Feast upon the Word Blog

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RS/MP Lesson 6: “Sustaining Those Whom the Lord Sustains” (George Albert Smith Manual)

Posted by kirkcaudle on March 12, 2012

I think many of us underestimate how radical of an idea sustaining our leaders really is, and also the importance of sustaining our leaders. When we sustain people in our wards and stakes we give these people access to teaching our children, our financial records, sinful desires, marriage issues, and a host of other personal information. Sometimes we know these people and sometimes we do not. With one raise of the right hand we willingly give our support to these people endeavoring for our sake. It takes great faith to truly sustain someone despite that individual’s own sinful nature and personal failings. This act of faith brings great blessings for all parties involved. George Albert Smith related, “I will need the help of every man and every woman and every child, not for my blessing, but for your blessing, and for the blessing of the children of men wherever they may be. This not my responsibility, that is our responsibility” (57).

Question #3 on page 55 councils:

Study the section that beings on page 59 and read Doctrine and Covenants 21:4-7. What specific counsel has the Lord given through the current President of the Church? through your stake or district president? through your bishop or branch president? What blessing have you received as you have followed this counsel?

I cannot help you answer what your local leaders have done for you and your ward/stake. I will leave that up to your own pondering. Because of this, I will simply deal with the D&C 21:4-7 which reads:

(4)Wherefore, meaning the church, thou shalt give heed unto all his words and commandments which he shall give unto you as he receiveth them, walking in hall holiness before me; (5)For his word ye shall receive, as if from mine own mouth, in all patience and faith. (6)For by doing these things the gates of hell shall not prevail against you; yea, and the Lord God will disperse the powers of darkness from before you, and cause the heavens to shake for your good, and his name’s glory. (7)For thus saith the Lord God; Him have I inspired to move the cause of Zion in mighty power for good, and his diligence I know, and his prayers I have heard.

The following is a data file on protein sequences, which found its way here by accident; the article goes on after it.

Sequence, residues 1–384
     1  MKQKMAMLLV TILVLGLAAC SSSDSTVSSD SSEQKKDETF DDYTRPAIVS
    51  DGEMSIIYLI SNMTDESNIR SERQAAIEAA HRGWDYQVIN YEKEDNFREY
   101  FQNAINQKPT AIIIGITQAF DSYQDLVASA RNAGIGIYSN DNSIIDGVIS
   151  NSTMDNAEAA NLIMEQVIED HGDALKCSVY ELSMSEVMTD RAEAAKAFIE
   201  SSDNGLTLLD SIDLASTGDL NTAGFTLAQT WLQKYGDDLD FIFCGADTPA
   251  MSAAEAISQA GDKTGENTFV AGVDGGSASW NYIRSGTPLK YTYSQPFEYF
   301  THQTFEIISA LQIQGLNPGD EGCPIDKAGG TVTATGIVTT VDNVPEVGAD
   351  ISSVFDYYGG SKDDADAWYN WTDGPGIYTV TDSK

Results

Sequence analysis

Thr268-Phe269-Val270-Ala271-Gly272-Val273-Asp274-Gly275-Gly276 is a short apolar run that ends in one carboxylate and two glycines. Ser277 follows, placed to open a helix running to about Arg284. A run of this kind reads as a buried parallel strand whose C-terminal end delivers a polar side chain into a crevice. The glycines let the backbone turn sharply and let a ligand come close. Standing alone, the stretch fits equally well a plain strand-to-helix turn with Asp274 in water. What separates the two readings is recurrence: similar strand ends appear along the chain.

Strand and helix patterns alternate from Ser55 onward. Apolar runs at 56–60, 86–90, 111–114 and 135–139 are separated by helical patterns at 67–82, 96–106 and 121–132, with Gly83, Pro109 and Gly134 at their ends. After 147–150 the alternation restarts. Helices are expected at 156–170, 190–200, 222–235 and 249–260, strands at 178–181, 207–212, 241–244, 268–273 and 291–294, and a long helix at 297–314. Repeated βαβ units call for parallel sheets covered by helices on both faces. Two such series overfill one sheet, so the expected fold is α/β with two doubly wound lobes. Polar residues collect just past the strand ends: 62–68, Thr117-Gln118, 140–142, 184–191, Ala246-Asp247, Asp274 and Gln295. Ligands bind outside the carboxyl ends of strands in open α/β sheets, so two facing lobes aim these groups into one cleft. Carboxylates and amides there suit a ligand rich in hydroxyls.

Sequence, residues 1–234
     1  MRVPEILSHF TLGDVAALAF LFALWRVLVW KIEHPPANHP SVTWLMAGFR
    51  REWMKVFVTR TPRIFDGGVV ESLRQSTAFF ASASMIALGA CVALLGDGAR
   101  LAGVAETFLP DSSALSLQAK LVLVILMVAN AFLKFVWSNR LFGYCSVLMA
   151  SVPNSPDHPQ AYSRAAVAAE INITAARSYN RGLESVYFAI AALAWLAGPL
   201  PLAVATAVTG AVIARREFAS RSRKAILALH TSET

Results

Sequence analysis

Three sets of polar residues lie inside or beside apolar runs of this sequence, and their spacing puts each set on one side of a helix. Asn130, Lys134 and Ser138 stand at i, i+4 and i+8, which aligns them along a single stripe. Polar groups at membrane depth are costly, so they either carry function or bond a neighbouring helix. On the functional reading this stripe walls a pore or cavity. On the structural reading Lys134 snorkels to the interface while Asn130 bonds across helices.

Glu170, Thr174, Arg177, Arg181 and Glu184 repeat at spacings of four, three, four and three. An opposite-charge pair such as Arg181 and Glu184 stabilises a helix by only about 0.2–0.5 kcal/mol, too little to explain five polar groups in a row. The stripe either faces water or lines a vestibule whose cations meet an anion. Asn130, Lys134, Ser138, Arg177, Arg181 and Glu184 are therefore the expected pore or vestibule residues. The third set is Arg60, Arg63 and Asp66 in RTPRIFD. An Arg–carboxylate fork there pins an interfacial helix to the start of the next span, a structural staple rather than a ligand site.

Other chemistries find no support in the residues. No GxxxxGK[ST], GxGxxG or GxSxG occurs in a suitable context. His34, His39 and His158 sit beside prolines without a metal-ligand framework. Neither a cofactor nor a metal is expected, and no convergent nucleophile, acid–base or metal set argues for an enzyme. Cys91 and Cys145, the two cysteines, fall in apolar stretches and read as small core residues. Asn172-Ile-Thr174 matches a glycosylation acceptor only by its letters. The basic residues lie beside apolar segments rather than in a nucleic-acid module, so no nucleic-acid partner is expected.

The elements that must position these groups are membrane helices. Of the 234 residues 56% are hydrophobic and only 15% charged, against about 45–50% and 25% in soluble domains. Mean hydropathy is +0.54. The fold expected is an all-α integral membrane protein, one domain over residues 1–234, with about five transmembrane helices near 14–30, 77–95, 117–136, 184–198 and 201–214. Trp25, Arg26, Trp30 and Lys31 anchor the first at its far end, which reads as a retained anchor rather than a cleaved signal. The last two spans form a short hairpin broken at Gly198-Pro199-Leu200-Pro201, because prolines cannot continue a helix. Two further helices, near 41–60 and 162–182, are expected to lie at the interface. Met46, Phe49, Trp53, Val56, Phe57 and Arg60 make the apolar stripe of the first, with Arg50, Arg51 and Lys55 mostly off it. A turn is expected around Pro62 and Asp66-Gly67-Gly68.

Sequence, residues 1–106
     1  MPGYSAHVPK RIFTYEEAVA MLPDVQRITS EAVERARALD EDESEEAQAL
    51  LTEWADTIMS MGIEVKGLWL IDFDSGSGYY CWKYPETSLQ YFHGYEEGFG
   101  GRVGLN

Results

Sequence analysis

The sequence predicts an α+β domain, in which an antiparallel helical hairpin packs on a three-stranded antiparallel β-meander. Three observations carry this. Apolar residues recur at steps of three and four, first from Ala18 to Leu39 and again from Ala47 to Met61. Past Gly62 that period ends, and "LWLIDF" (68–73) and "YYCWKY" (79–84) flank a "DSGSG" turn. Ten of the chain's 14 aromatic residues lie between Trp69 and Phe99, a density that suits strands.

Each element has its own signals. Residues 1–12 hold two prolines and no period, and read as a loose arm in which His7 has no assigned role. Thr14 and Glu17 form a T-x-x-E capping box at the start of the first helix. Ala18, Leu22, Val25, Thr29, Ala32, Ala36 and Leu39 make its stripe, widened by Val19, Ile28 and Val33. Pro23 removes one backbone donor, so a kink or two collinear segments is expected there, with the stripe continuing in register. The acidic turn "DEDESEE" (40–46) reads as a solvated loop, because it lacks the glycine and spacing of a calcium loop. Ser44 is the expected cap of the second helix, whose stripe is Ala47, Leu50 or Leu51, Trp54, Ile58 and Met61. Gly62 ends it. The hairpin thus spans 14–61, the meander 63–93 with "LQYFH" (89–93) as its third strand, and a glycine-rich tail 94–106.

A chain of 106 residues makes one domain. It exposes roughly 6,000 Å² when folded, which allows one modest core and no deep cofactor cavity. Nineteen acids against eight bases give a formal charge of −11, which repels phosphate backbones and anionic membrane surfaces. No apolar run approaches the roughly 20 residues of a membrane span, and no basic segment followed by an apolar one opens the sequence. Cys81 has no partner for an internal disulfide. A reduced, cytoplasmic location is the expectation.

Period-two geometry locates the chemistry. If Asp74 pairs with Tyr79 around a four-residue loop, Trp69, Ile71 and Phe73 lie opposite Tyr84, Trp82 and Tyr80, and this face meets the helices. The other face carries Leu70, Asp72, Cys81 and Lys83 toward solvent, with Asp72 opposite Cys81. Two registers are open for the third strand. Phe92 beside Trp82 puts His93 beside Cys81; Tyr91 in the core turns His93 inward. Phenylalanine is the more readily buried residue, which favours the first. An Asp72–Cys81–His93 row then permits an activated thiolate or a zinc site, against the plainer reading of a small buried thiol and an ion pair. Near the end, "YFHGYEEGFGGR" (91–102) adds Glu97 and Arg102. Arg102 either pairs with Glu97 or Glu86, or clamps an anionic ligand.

Verse 4:

Giving heed unto the words of the prophets and our local leaders is what we today call sustaining our leaders. Interestingly, according to this verse, sustaining our leaders is equal to “walking in all holiness before [God].” Perhaps this is because when we fail to sustain our leaders we began criticizing them. President Smith calls these leaders, “the representatives of our Heavenly Father, not only to this people, but they represent him to all the people of the earth” (63). He further warns, “do not be found in the companionship of those who would belittle them or weaken their influence among the children of men” (63). It is impossible to say that we are following the commandments of God, or walking in holiness before Him, if we fail to sustain our leaders by dishonoring and criticizing our leaders.

Verse 5:

Sometimes when we hear our leaders talk it seems very harsh. Much like God, leaders do not always say what we want them to say. This is why we must learn to take direction and council with “patience and faith.” I personally do not always agree with the decisions made by my Bishop and by my Stake President. However, I try to have patience with their human failings. I am patience because I know that they have my best interest in mind. I have faith in the mantel that these men hold. I have faith that these men are called of God. At the same time, I attempt to exercise patience and faith in God so that I can exercise this patience and faith in my local leaders more perfectly.

Verse 6: